Link to the University of Pittsburgh Homepage
Link to the University Library System Homepage Link to the Contact Us Form

Development of Experimental and Computational Methodologies for Construction of a Subject-Specific Knee Finite Element Model

Wickwire, Alexis C (2007) Development of Experimental and Computational Methodologies for Construction of a Subject-Specific Knee Finite Element Model. Master's Thesis, University of Pittsburgh. (Unpublished)

Primary Text

Download (3MB) | Preview


For underground coal mining, over 3,000 musculoskeletal disorder related injuries were reported to the MSHA injury and illness database in 2002, of which 17% were to the knee. When seam heights approach 56 inches or less, these injuries may result from the fact that workers are confined to their knees. Therefore, the industry has attempted to reduce the injury rate by providing equipment such as knee pads that distribute forces and stresses. However, these knee pads are currently designed without knowledge of the forces and stresses in the stabilizing structures within the knee during mining activities. This information is essential in understanding, and ultimately preventing injuries to the knee using interventions such as knee pads. Therefore, this work developed experimental methodologies to collect input and validation data for one subject-specific finite element model of the tibio- and patellofemoral joints consisting of: 1) geometry, 2) joint kinematics, 3) magnitudes of ligament in situ and meniscal resultant forces, and 4) ligament structural properties. Specimen geometry was reconstructed from MR images and verified by comparing to measurements from the actual geometry. The specimen was then mounted within a robotic/UFS testing system that applied external loads at deep knee flexion and recorded resulting kinematics and measured soft tissue forces (to be used for validation). These forces were determined by the principle of superposition as has been done previously; however, a novel surgical technique that removed bone blocks was developed in this work such that the ligaments remained intact. Thus, an innovative approach to clamp bone blocks of the required shape and size for structural testing was also developed. The finite element model was constructed from the experimental data, and displacements and rotations about all axes were applied to the model to verify reasonable motions were achieved. Thus, a finite element model of the knee was developed whereby the properties of only the articular cartilage and meniscus were not subject-specific. Future efforts will include model validation and use of the model for evaluating and designing interventions for the mining community.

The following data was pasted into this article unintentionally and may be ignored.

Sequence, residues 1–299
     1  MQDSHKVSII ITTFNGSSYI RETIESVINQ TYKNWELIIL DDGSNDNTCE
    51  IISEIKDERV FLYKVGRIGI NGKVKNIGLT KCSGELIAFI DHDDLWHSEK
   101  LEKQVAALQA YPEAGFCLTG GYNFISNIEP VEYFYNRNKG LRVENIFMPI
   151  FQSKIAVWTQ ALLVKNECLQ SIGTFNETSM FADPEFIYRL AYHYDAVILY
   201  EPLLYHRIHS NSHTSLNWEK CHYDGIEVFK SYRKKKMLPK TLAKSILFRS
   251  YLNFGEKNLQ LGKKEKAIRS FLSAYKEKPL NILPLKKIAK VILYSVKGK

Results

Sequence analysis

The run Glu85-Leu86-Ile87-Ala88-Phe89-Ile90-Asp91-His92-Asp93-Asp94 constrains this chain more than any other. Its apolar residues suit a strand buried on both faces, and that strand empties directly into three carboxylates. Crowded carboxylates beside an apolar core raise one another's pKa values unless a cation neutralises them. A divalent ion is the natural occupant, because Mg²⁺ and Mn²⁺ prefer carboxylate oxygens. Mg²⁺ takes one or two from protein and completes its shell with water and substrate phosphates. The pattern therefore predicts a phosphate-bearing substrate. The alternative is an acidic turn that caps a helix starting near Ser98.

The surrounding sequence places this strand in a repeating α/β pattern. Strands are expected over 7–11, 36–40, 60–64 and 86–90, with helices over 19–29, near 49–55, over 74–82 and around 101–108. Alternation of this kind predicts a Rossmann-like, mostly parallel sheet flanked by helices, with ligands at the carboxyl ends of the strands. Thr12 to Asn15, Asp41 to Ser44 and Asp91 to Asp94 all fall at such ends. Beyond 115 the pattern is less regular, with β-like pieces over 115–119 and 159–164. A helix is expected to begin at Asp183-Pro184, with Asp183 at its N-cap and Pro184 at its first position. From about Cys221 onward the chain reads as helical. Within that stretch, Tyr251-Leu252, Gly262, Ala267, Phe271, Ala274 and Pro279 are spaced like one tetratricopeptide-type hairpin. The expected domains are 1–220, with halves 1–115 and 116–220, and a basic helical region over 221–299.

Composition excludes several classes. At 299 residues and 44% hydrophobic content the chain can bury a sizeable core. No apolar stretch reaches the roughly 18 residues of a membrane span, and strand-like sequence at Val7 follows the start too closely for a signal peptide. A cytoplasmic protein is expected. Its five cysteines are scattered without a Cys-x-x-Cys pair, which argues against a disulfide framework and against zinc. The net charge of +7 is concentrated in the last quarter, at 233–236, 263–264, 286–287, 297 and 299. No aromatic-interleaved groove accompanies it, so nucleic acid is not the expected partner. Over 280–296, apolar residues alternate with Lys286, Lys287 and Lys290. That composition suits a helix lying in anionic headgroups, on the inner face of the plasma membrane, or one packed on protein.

Social Networking:
Share |


Item Type: University of Pittsburgh ETD
Status: Unpublished
CreatorsEmailPitt UsernameORCID
Wickwire, Alexis Cacw25@pitt.eduACW25
ETD Committee:
TitleMemberEmail AddressPitt UsernameORCID
Committee ChairDebski, Richard E.genesis1@pitt.eduGENESIS1
Committee MemberMiller, Mark C.mcmllr@engr.pitt.eduMCMLLR
Committee MemberRedfern, Mark S.redfern@pitt.eduREDFERN
Date: 25 September 2007
Date Type: Completion
Defense Date: 11 July 2007
Approval Date: 25 September 2007
Submission Date: 24 June 2007
Access Restriction: No restriction; Release the ETD for access worldwide immediately.
Institution: University of Pittsburgh
Schools and Programs: Swanson School of Engineering > Bioengineering
Degree: MSBeng - Master of Science in Bioengineering
Thesis Type: Master's Thesis
Refereed: Yes
Uncontrolled Keywords: knee; low-seam mining; meniscus; stress; ligaments; cartilage; finite element model
Other ID:, etd-06242007-224831
Date Deposited: 10 Nov 2011 19:48
Last Modified: 15 Nov 2016 13:45


Monthly Views for the past 3 years

Plum Analytics

Actions (login required)

View Item View Item